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Diabet Med. 2017 Jul;34(7):909-915. doi: 10.1111/dme.13295. Epub 2017 Feb 2.

Incidence and prevalence of childhood-onset Type 1 diabetes in Japan: the T1D study.

Author information

Division of Diabetes, Metabolism and Endocrinology, Department of Internal Medicine, Jikei University School of Medicine.
Department of Pediatrics, Tokyo Women's Medical University Medical Center East, Tokyo.
Department of Pediatrics, Hamamatsu University School of Medicine, Hamamatsu.
Department of Medical Subspecialties, National Center for Child Health and Development, Tokyo.
Systematic Review Section, Department of Technology Assessment and Biostatistics, National Institute of Public Health, Saitama.
Jikei University School of Medicine, Tokyo, Japan.



A majority of children with Type 1 diabetes in Japan are registered with the government-subsidized Specified Pediatric Chronic Disease Treatment Research Projects (SPCDTRP). In this study, the incidence and prevalence of childhood-onset (< 15 years) Type 1 diabetes in Japan were estimated by drawing on SPCDTRP data.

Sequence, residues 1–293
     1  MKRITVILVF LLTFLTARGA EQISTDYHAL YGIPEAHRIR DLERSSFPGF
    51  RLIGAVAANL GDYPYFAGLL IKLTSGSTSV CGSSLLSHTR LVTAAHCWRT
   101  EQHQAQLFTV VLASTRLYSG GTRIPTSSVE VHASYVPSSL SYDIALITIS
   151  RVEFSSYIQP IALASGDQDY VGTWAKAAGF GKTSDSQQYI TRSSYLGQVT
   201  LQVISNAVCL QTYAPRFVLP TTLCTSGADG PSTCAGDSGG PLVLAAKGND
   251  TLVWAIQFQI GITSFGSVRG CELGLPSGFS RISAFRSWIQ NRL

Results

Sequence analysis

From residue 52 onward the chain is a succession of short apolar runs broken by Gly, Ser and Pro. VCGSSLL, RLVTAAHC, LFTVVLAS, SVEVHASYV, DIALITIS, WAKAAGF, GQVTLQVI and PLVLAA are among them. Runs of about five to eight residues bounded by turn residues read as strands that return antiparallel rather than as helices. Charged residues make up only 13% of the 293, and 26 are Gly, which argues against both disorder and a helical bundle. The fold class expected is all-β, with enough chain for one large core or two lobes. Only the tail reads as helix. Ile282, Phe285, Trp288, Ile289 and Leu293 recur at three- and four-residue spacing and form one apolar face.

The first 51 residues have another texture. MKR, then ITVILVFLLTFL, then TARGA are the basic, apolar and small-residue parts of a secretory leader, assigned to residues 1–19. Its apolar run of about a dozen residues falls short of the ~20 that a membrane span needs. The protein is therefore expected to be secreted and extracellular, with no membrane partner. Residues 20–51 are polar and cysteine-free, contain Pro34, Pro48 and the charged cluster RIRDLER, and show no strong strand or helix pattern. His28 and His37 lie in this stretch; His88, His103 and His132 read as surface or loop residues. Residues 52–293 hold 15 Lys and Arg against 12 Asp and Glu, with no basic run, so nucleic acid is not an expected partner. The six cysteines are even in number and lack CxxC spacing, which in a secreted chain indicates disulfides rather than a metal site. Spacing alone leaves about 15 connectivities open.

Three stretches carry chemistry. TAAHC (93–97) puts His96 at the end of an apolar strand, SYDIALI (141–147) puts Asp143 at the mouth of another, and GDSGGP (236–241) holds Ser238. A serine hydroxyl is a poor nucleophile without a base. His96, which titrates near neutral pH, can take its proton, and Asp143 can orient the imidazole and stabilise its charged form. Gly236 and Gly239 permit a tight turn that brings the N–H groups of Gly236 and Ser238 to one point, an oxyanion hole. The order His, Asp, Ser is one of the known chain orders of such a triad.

Data available for 2005-2012 from the SPCDTRP and Statistics Bureau, Ministry of Internal Affairs and Communications were used to estimate the incidence of Type 1 diabetes for 2005-2010, adjusted to cover those registered within 3 years of disease onset and stratified by sex, age at onset and period of onset.


The incidence of Type 1 diabetes for 2005-2010 was 2.25/100,000 persons [95% confidence intervals (95% CI), 2.14-2.36] (boys: 1.91, 95% CI, 1.83-1.98; girls: 2.52, 95% CI, 2.34-2.69), with that for the age brackets 0-4, 5-9 and 10-14 years being 1.48 (95% CI, 1.29-1.66), 2.27 (95% CI, 2.08-2.47) and 3.00 (95% CI, 2.74-3.25), respectively. The onset of disease was shown to peak at age 13 among boys (3.28, 95% CI, 3.02-3.55) and at age 10 among girls (3.28, 95% CI, 3.02-3.55). The peak periods of disease onset were April/May and December. The number of children aged < 15 years with Type 1 diabetes for 2005-2012 was estimated to be 2326 (95% CI, 2202-2450) with the prevalence estimated as 13.53/100,000 persons (95% CI, 12.63-14.43).


Study findings demonstrated no increase in the incidence of Type 1 diabetes, although suggesting, in agreement with earlier reports, that the onset of disease peaks in adolescence with a female predominance. In addition, the incidence of childhood-onset diabetes exhibited an annual bimodal pattern in this study.

[Indexed for MEDLINE]

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